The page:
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Time Management

Chapter 18: Time Management

Tools for Personal Growth

By: James J. Messina, Ph.D.

 

What is time management?

Time management is an endless series of decisions that gradually change the shape of your life. Inappropriate decisions produce frustration, low self-esteem and increased stress. They can result in the following symptoms of poor time management:

  • Procrastination; deadlines constantly being missed
  • Chronic vacillation between unpleasant alternatives
  • Fatigue or listlessness; many hours of unproductive activity
  • Rushing from one project to the other; no satisfied feelings of accomplishment
  • Insufficient time for rest or personal relationships
  • The sense of being overwhelmed by demands and details; doing what you have to do instead of what you want to do most of the time
 
The methods of time management can be learned by realizing that:
  • You can establish priorities that highlight your most important goals, allowing you to base your decisions on what is important to you and what is not.
  • You can create time by realistic scheduling and by the elimination of low priority tasks.
  • You can learn to make basic decisions.

Take a time inventory

How do you spend your time?

  • An easy way to find out is to use the Time Inventory Chart which you can download from this site. At the end of each day write down the time spent on each of your activities. The total amount of time for all activities should equal the total number of hours you were awake.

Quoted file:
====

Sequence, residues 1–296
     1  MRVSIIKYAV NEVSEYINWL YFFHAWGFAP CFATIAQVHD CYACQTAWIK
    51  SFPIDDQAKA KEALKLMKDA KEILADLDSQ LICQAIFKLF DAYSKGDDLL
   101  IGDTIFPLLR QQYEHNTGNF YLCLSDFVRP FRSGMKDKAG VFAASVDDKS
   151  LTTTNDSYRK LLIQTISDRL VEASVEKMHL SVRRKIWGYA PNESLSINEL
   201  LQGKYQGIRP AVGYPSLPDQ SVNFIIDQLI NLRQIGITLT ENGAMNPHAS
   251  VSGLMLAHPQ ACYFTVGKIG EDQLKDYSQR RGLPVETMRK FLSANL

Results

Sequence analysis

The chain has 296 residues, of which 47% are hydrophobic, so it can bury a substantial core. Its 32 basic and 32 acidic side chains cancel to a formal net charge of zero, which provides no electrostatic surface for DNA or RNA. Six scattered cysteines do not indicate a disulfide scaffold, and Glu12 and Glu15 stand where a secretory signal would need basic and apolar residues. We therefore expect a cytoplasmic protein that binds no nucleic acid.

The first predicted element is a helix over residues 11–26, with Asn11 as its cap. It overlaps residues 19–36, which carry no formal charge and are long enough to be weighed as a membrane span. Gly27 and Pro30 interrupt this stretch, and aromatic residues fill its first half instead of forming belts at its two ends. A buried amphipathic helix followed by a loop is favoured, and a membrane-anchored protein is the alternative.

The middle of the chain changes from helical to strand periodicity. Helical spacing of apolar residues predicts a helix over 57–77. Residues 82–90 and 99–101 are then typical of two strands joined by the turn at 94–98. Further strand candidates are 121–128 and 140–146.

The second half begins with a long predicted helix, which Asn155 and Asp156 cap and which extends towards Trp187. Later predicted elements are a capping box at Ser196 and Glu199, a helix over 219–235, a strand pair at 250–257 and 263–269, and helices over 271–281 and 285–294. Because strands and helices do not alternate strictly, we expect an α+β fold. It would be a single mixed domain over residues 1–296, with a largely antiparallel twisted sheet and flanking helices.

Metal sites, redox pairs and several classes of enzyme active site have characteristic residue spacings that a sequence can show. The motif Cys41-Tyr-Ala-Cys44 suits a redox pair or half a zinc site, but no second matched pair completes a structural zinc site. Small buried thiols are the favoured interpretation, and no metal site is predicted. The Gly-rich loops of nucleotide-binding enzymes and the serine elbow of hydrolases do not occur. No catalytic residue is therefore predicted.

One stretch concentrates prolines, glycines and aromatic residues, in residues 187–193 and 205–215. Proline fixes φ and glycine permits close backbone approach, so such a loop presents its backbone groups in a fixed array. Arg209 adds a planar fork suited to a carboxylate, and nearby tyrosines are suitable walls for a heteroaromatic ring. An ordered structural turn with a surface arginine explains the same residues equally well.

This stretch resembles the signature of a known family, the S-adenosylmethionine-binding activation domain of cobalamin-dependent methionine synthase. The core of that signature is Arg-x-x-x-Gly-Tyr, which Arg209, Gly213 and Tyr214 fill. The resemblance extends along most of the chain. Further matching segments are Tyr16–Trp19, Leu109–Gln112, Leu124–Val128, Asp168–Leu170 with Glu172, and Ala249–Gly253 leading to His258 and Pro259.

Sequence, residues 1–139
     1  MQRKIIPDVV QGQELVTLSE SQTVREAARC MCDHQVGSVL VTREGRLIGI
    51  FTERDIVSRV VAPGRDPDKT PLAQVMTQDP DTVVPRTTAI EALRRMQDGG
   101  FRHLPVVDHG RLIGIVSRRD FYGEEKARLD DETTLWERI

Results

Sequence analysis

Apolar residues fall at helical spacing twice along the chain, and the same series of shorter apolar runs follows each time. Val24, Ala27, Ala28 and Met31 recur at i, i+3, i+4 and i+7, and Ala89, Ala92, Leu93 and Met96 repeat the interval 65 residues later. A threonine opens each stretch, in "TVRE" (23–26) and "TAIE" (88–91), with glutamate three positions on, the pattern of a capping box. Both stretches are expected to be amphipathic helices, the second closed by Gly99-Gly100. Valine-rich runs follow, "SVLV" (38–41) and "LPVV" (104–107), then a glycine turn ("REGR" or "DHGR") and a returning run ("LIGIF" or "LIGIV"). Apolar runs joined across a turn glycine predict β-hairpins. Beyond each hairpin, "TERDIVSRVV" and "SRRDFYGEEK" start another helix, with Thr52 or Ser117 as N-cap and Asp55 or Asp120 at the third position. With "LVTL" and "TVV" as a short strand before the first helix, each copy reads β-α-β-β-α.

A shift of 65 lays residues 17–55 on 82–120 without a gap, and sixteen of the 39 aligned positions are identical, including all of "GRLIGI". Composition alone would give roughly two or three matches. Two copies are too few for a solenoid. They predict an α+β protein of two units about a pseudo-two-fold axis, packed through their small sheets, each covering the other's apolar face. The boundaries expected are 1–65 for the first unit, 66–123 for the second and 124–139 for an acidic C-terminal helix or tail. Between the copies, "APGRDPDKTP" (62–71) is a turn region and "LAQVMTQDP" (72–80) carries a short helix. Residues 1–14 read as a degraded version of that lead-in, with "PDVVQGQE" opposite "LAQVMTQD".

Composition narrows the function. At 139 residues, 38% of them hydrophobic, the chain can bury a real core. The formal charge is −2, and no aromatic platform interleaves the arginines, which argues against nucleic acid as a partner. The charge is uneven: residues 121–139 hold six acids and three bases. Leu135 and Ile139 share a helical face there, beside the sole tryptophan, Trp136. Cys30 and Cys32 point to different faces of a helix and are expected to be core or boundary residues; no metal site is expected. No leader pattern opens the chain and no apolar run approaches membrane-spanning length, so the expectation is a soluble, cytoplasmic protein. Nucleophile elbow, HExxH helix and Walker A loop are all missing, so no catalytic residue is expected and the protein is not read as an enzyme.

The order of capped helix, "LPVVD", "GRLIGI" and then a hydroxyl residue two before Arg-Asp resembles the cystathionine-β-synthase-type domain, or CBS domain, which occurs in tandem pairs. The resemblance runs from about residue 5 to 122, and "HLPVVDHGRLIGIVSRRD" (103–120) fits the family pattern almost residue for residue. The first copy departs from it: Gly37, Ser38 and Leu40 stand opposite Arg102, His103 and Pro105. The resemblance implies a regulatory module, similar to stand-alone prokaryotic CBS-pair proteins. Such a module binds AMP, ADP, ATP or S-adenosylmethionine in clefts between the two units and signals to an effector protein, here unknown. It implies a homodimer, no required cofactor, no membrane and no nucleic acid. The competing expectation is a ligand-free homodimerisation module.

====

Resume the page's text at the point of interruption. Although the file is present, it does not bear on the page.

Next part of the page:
• Keep this time inventory for seven days. At the end of seven days, note the total amount of time spent in each of the categories.
Set goals for yourself

Using your Time Inventory (which form you can download), compare your current use of time to your achievement of goals.

 

First: Imagine yourself as very old and aware that your days are numbered.

  • What had you hoped to accomplish in your life?
  • What makes you most proud?
  • What is your biggest regret?
Put down anything that comes to mind. Don't think about it or analyze it if something occurs to you, write it down. Use this list for your long-range goals.

Second: make a list of one year goals, those that stand a reasonable chance of being accomplished within the next twelve months. Use this list as your medium range goals.


Third:  put down your goals for the coming month, including work priorities, personal growth, recreational activities, etc. Use this list as your short range goals.


Fourth: You have created three lists of goals: long, medium and short range. Prioritize each list by deciding the top, middle, and low priority items:
  • Top priority: those items ranked most essential to you.
  • Middle priority: those items that could be put off for awhile, but are still important to you.
  • Low priority: those items that could be put off indefinitely with no harm done.

Once you have prioritized your lists, choose four top priority items from each list. You will have twelve top priority items representing your current goals.

Time Management Goal Planner 

Lifetime Goals (long range)

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One year goals (medium range)

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One month goals (short range)

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Pick two top priority goals from each of the above categories. Enter them here. These are the goals you will begin to work on now.